More articles from Life Sciences:

nachricht How brains surrender to sleep
23.06.2017 | IMP - Forschungsinstitut für Molekulare Pathologie GmbH

nachricht A new technique isolates neuronal activity during memory consolidation
22.06.2017 | Spanish National Research Council (CSIC)

All articles from Life Sciences >>>

The most recent press releases about innovation >>>

Die letzten 5 Focus-News des innovations-reports im Überblick:

Im Focus: Can we see monkeys from space? Emerging technologies to map biodiversity

An international team of scientists has proposed a new multi-disciplinary approach in which an array of new technologies will allow us to map biodiversity and the risks that wildlife is facing at the scale of whole landscapes. The findings are published in Nature Ecology and Evolution. This international research is led by the Kunming Institute of Zoology from China, University of East Anglia, University of Leicester and the Leibniz Institute for Zoo and Wildlife Research.

Using a combination of satellite and ground data, the team proposes that it is now possible to map biodiversity with an accuracy that has not been previously...

Im Focus: Climate satellite: Tracking methane with robust laser technology

Heatwaves in the Arctic, longer periods of vegetation in Europe, severe floods in West Africa – starting in 2021, scientists want to explore the emissions of the greenhouse gas methane with the German-French satellite MERLIN. This is made possible by a new robust laser system of the Fraunhofer Institute for Laser Technology ILT in Aachen, which achieves unprecedented measurement accuracy.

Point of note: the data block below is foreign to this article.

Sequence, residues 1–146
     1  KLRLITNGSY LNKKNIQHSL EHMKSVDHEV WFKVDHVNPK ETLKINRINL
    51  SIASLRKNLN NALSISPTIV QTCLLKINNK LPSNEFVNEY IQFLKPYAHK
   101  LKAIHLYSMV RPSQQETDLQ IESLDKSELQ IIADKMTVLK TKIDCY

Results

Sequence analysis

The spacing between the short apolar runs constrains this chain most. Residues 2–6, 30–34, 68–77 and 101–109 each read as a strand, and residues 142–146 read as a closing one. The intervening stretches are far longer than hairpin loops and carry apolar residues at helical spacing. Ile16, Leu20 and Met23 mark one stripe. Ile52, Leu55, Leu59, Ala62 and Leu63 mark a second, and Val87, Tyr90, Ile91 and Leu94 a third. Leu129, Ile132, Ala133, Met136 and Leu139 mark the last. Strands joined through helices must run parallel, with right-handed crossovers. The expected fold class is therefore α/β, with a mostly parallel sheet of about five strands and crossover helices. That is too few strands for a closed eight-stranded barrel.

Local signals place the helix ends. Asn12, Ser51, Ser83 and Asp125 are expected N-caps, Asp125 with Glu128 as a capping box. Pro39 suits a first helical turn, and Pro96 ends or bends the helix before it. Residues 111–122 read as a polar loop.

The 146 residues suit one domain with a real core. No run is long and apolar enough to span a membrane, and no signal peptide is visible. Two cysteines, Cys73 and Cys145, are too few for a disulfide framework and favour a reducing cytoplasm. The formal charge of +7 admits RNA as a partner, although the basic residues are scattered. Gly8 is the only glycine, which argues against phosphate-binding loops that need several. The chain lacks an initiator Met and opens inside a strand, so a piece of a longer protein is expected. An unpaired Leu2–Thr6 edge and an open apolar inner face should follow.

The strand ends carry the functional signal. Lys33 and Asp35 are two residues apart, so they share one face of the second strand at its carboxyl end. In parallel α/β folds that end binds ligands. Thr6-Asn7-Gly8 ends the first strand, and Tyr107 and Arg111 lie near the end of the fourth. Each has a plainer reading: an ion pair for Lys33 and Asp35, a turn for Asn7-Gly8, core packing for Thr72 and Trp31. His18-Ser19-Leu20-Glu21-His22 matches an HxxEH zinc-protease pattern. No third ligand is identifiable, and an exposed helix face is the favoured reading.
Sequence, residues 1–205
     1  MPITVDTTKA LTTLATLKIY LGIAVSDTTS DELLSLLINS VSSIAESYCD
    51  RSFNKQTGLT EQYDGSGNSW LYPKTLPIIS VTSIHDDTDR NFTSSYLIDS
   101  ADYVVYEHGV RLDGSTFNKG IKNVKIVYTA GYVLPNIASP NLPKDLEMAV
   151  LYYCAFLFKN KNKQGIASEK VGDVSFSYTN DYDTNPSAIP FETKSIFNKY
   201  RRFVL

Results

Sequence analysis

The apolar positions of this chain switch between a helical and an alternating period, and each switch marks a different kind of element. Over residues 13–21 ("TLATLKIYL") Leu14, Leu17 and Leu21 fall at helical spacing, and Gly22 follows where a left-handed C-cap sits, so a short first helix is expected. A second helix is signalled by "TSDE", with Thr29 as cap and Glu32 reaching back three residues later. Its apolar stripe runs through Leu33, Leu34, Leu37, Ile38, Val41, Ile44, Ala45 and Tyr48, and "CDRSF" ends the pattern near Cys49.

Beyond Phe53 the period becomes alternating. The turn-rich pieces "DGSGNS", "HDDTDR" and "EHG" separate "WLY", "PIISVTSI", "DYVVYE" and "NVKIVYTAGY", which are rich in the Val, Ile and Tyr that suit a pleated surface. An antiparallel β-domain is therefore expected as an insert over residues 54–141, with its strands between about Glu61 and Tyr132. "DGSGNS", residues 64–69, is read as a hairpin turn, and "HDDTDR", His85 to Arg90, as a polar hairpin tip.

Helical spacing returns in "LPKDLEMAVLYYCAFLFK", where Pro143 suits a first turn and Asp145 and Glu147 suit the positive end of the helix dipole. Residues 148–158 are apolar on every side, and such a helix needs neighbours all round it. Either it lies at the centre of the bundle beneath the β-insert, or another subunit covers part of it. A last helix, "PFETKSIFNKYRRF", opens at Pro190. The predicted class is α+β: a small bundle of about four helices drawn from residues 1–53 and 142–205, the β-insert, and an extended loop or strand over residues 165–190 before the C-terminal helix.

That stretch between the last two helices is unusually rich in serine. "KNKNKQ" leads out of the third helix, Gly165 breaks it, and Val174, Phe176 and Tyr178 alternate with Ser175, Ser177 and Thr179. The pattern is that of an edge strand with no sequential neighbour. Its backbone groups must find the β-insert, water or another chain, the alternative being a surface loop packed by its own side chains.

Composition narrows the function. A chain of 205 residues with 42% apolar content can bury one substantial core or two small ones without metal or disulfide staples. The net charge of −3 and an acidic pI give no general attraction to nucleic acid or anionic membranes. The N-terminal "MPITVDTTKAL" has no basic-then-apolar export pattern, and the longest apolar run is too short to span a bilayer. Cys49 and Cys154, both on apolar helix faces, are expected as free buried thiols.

Methane is primarily the result of the decomposition of organic matter. The gas has a 25 times greater warming potential than carbon dioxide, but is not as...

Im Focus: How protons move through a fuel cell

Hydrogen is regarded as the energy source of the future: It is produced with solar power and can be used to generate heat and electricity in fuel cells. Empa researchers have now succeeded in decoding the movement of hydrogen ions in crystals – a key step towards more efficient energy conversion in the hydrogen industry of tomorrow.

As charge carriers, electrons and ions play the leading role in electrochemical energy storage devices and converters such as batteries and fuel cells. Proton...

Im Focus: A unique data centre for cosmological simulations

Scientists from the Excellence Cluster Universe at the Ludwig-Maximilians-Universität Munich have establised "Cosmowebportal", a unique data centre for cosmological simulations located at the Leibniz Supercomputing Centre (LRZ) of the Bavarian Academy of Sciences. The complete results of a series of large hydrodynamical cosmological simulations are available, with data volumes typically exceeding several hundred terabytes. Scientists worldwide can interactively explore these complex simulations via a web interface and directly access the results.

With current telescopes, scientists can observe our Universe’s galaxies and galaxy clusters and their distribution along an invisible cosmic web. From the...

Im Focus: Scientists develop molecular thermometer for contactless measurement using infrared light

Temperature measurements possible even on the smallest scale / Molecular ruby for use in material sciences, biology, and medicine

Chemists at Johannes Gutenberg University Mainz (JGU) in cooperation with researchers of the German Federal Institute for Materials Research and Testing (BAM)...

All Focus news of the innovation-report >>>

Anzeige

Anzeige

Event News

Plants are networkers

19.06.2017 | Event News

Digital Survival Training for Executives

13.06.2017 | Event News

Global Learning Council Summit 2017

13.06.2017 | Event News

 
Latest News

Quantum thermometer or optical refrigerator?

23.06.2017 | Physics and Astronomy

A 100-year-old physics problem has been solved at EPFL

23.06.2017 | Physics and Astronomy

Equipping form with function

23.06.2017 | Information Technology

VideoLinks
B2B-VideoLinks
More VideoLinks >>>